Thursday, December 23, 2010

Sheryl Sandberg just might be my Eloquent Woman of the Year

Sheryl Sandberg, COO of Facebook, just might be my Eloquent Woman of the Year. There's no such prize, mind you, but this speech (watch the video at the end of this post) may have changed my mind about that.

Sandberg, one of the few women to reach the top of the high-tech world, is speaking at TED about why we have too few women leaders.  It's timely, coming on the heels of a report that there are no women leading Web 2.0 companies, and Sandberg herself is not the CEO of Facebook, so she knows this topic all too well.  She's widely regarded as capable and savvy, and her three-point message here works:  take a seat at the table, make your partner an equal partner, and don't leave before you leave.

What makes me think of her as "eloquent woman of the year" is that she takes all that and injects into her speech plainspoken reality. She even turns the lens on her own behavior, to illustrate in real-time terms the uphill battles--seemingly minute, but powerful--that women face in the workplace today.  The result is credible, gripping, disappointing and ultimately invigorating listening for the audience, which is exactly what happens when women use the power of public speaking to shed light on their own issues.  Here's just one powerful anecdote, and of course, it involved a speech:

I'm about to tell a story, which is truly embarrassing for me, but I think important. I gave this talk at Facebook not so long ago to about a hundred employees. And a couple hours later, there was a young woman who works there sitting outside my little desk, and she wanted to talk to me. I said, okay, and she sat down, and we talked. And she said, "I learned something today. I learned that I need to keep my hand up." I said, "What do you mean?" She said, "Well, you're giving this talk, and you said you were going to take two more questions. And I had my hand up with lots of other people, and you took two more questions. And I put my hand down, and I noticed all the women put their hand down, and then you took more questions, only from the men." And I thought to myself, wow, if it's me -- who cares about this, obviously -- giving this talk -- during this talk, I can't even notice that the men's hands are still raised, and the women's hands are still raised, how good are we as managers of our companies and our organizations at seeing that the men are reaching for opportunities more than women? We've got to get women to sit at the table.
And that's just point number one.  Sandberg also tells memorable stories about pitching deals in firms where there were no women and the male executives didn't know how to direct her to the restroom, just so you know this stuff happens to her, too.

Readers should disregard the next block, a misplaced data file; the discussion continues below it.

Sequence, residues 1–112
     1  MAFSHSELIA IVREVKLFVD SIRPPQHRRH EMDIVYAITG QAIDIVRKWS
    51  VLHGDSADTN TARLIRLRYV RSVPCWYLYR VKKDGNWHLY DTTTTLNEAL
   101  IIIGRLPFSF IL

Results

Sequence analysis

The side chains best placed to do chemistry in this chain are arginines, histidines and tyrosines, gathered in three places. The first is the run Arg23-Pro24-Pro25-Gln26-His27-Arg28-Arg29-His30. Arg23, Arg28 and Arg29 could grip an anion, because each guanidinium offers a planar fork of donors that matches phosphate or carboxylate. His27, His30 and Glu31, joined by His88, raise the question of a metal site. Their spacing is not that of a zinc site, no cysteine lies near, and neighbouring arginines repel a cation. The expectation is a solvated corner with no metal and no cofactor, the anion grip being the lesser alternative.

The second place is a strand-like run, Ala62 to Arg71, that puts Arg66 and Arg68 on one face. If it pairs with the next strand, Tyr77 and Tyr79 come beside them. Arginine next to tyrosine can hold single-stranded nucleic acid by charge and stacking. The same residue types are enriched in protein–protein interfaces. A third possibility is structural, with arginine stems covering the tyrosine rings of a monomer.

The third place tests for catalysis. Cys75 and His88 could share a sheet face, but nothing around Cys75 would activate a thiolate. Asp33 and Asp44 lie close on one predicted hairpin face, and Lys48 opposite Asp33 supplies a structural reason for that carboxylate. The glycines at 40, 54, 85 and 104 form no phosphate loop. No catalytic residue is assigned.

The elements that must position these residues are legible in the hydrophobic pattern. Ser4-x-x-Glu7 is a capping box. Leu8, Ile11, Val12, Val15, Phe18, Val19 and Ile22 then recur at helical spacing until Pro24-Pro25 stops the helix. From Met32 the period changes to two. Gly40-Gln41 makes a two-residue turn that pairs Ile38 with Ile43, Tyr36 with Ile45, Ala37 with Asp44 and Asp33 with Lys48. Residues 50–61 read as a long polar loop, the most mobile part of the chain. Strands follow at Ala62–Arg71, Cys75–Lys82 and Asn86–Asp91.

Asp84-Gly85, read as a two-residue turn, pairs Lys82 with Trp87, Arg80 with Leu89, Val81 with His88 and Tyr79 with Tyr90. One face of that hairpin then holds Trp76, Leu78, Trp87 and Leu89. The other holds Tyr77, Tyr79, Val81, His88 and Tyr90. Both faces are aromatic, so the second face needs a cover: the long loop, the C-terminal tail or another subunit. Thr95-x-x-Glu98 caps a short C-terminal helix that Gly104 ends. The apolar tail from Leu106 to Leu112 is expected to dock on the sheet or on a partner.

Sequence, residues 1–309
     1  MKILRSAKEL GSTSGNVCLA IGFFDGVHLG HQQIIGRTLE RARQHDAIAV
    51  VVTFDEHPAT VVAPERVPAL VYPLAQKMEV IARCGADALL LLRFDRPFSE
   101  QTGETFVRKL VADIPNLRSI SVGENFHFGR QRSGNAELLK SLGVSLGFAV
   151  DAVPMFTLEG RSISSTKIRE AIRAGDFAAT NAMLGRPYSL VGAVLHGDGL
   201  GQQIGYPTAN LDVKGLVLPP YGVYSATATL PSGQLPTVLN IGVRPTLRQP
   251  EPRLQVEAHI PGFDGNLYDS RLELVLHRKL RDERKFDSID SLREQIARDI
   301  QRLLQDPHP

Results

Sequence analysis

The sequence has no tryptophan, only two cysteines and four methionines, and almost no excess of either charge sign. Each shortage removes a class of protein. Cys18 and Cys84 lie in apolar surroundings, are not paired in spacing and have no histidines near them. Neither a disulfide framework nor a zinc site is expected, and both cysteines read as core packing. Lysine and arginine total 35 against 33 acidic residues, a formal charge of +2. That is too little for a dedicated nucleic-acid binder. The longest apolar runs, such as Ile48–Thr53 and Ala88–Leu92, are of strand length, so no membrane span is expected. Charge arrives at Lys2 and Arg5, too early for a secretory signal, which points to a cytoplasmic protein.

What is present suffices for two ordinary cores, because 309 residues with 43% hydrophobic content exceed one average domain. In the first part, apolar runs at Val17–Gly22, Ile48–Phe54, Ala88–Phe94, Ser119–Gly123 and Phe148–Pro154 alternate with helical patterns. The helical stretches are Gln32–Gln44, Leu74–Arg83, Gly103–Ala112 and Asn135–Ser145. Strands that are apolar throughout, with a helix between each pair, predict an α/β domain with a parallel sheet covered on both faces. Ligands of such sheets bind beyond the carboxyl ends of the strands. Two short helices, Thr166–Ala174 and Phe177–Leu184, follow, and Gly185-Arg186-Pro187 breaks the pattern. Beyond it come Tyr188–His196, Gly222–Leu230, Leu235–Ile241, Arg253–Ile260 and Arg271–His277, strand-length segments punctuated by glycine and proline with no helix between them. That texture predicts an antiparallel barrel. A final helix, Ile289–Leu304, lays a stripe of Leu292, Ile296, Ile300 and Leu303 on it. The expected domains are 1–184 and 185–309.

Watch this speech and think about how you can contribute in a better way to helping women advance in your workplace, be it paid or volunteer, or when you are a speaker.  What do you think about this powerful talk?

Clip to Evernote

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1 comment:

Miriam Gordon said...

Denise, thank you so much for bringing this clear, brave and honest talk to our attention.

One question I had while listening to Sheryl's talk was whether the percentage of women in top positions in European countries was higher than in the US. It followed from my knowledge that women in European countries generally get a much more generous time allowance for maternity leave, often with pay and with a guarantee that their job will be there when they get back.

The other thing that's gone through my mind many times as I thought about this topic is something I learned from being a religious Jew. The traditional, proscribed laws governing the respective roles of men and women in Judaism are very different. At first glance, things like women not being counted in a minyan (a gathering of 10 or more men for prayer), and being seated separately in synagogue seem to discriminate against women. However, I've come to understand these practices as recognizing basic differences in male and female personalities, which in theory should be understood as different, rather than one being superior to the other. However, theory is not practice, and one generalization I will make, based on my experiences with men in competitive situations, is that in general, men are more aggressive by nature than women. I think this is so deeply rooted in both nature and nurture over thousands of years that we may never see women equally represented in the "highest" power positions. I wonder if accepting this is really such a bad thing, or whether a learned appreciation of the differences between men and women can help raise the value of women's contributions in our society.